Balsam Bough and Wreath Industry in Minnesota
by John Mickman, Mickman Brothers
The holiday wreath industry in Minnesota is large-"large" to the tune of $20 million in sales annually! Mickman Brothers is a factor in that equation as the second-largest wreath maker in the entire nation.
My brother Chris and I contend that "there's a balsam bough resource out there, and there are creative ways to use boughs before they are ground into pulp." The Mickman family has been involved in the wreath business for many years. The company began in 1975 with a focus on landscaping. The "wreath business" actually began, however, with my grandmother who made wreaths to "sell around town." When Chris and I purchased the wreath business from our father in 1979, the company was making 15,000 wreaths that were delivered "around town."
Last year Mickman Brothers used 2,000 tons of balsam boughs and employed 500 people who are directly involved in the actual making of the wreaths. That figure does not include the hundreds of bough gatherers who provide the natural resource of the company's holiday creations.
The wreath industry can be a successful one for a number of reasons: balsam grow well in northern Minnesota; there is a large economic impact from the industry; there is little impact on the resource when harvested correctly.
What's the Law?
State law requires a permit, written consent, or a bill of sale to be carried whenever cutting, removing, or transporting boughs whether land is publicly or privately owned. Permits are required for harvesting balsam boughs from public lands in Minnesota. Permits can be obtained from forestry offices located in the Chippewa and Superior National Forests, tribal headquarters on reservation land, Department of Natural Resources-Forestry, and county land management offices.
Permits are $25 per family with no tonnage limit. The Leech Lake Reservation Division of Natural Resources offers free permits to tribal members. Purchasers of permits are given a brightly colored dashboard poster to be placed in a vehicle window when bough collection is taking place. Bough buyers are responsible for ensuring that the people they buy from have a permit in possession.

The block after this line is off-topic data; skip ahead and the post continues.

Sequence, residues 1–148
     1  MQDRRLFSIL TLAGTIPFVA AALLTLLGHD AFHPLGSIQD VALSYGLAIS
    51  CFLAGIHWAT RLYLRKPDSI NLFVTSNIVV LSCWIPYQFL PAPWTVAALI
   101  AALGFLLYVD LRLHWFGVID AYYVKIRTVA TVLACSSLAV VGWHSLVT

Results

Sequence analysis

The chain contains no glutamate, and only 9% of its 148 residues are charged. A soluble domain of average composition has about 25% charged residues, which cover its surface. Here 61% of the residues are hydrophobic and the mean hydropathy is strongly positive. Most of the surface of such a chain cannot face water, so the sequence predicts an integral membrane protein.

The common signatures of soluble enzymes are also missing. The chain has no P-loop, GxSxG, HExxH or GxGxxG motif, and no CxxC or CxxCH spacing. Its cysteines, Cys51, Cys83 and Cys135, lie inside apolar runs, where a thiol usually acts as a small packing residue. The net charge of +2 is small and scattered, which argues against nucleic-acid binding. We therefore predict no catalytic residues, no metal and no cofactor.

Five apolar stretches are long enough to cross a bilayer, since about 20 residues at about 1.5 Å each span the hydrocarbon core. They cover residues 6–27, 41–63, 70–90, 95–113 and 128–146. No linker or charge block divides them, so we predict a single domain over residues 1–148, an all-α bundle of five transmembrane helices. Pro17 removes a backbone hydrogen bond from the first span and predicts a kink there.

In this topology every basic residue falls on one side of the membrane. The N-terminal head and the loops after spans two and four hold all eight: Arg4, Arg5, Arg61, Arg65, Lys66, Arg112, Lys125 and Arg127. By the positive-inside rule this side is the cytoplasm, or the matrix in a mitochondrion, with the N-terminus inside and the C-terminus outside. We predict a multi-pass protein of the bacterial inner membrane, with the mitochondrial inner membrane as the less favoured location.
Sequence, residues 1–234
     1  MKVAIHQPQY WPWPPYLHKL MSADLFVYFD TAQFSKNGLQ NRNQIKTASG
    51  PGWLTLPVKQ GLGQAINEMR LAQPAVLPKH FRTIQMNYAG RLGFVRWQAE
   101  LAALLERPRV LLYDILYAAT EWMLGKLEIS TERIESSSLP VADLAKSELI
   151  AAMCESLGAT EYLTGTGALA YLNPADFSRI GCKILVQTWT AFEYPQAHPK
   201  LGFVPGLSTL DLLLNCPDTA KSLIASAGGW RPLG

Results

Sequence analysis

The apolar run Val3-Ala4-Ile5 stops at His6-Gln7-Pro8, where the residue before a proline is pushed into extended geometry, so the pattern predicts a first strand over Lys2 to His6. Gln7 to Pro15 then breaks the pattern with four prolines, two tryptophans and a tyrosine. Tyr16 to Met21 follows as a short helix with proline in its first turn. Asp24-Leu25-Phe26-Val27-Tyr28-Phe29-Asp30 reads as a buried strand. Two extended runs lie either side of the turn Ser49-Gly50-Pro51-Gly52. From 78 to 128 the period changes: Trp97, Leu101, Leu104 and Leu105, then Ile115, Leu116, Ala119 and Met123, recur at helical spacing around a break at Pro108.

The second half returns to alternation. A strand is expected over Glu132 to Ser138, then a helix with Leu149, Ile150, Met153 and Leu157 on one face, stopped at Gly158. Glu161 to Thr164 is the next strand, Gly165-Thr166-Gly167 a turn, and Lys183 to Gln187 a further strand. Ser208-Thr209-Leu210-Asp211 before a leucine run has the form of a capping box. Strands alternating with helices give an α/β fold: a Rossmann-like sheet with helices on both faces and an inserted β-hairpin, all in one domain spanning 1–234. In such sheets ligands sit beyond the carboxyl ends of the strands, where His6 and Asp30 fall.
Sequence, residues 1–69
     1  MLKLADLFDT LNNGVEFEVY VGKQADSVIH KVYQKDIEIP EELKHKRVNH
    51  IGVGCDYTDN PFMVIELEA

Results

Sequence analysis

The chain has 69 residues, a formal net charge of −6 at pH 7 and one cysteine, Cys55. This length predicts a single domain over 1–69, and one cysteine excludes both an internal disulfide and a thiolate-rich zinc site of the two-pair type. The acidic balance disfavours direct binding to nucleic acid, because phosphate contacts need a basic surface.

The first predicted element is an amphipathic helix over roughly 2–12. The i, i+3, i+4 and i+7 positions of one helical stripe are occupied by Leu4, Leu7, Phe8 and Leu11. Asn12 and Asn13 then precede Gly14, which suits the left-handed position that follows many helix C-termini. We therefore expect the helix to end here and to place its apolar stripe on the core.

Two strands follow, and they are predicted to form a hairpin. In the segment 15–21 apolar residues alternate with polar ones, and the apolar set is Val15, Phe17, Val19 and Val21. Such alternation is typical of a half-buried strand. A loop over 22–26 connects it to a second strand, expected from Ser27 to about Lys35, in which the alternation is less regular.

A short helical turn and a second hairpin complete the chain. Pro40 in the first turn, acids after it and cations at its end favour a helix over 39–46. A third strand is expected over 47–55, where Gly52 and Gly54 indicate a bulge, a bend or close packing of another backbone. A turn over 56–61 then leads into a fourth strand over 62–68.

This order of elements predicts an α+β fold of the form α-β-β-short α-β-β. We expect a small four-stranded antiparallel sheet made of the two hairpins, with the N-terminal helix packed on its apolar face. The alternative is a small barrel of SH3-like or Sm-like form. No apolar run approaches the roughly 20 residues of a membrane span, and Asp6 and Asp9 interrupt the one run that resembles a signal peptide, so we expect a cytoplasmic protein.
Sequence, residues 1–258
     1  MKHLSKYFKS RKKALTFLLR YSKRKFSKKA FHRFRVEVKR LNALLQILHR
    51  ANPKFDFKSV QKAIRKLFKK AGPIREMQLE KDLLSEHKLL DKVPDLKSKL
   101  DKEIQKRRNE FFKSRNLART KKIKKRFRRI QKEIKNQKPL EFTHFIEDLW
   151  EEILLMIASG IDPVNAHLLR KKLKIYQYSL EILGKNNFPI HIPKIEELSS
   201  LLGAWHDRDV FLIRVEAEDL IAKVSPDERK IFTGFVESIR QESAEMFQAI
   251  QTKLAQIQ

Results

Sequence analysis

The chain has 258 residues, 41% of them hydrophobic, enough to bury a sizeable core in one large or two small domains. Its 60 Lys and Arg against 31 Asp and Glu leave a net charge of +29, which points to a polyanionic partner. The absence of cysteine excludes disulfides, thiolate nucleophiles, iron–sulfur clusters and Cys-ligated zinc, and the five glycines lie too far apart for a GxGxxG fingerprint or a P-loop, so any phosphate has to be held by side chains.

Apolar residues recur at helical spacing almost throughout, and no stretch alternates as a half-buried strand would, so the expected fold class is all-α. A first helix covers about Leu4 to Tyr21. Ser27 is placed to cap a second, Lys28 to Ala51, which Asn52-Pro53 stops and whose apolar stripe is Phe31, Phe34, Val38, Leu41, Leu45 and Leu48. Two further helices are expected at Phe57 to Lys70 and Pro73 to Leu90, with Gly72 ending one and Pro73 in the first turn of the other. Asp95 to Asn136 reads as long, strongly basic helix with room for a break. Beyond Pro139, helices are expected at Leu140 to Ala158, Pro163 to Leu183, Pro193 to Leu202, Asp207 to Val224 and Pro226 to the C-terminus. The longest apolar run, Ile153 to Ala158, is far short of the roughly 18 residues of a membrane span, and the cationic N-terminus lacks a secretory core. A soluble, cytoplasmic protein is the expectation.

How's It Done?
Balsam fir bough prices are dependent on many factors, including weather. Wetter conditions in the summer encourage growth of fir trees, but cold and damp conditions in the fall can slow harvest. The cutter's skill is an important factor in bough prices. A well-cut bough will bring in more money than boughs that are cut improperly. Taking the time to cut boughs correctly not only brings the harvester more money, but makes life easier for the bough buyers and wreath makers and, importantly, extends the life of the tree.
Key points in balsam bough harvesting include:
Ensuring a Future
While a healthy and sustainable balsam bough resource is the responsibility of all citizens, the Balsam Bough Partnership provides an opportunity to unite in a focused and mutual concern for the balsam bough resource on public and private lands. Members represent the U.S. Forest Service, Minnesota DNR, county land management offices, Leech Lake Reservation, Bureau of Indian Affairs, and members of the wreath industry, bough cutters, and bough buyers. The partnership conducts bough workshops in the fall to familiarize cutters and all involved in the balsam industry how to sustainably harvest the resource.
The bough industry is also encouraging the forest industry to commit to sustainable bough harvest and utilization. Currently, Mickman Brothers is working with Blandin Paper Company and Hibbing Taconite Company to develop a relationship in which forested parcels to be harvested by the paper company are first opened for access to bough pickers. The pickers can go into a site before the timber harvesters arrive and cut balsam boughs from trees that are to be harvested for pulp or other wood products.
This kind of relationship provides the opportunity for resource managers and resource users to create one more product with a particular forest stand and piece of land. Through these types of cooperative partnerships, we can take full advantage of this wonderful resource before all the boughs are lost during timber harvest processes.
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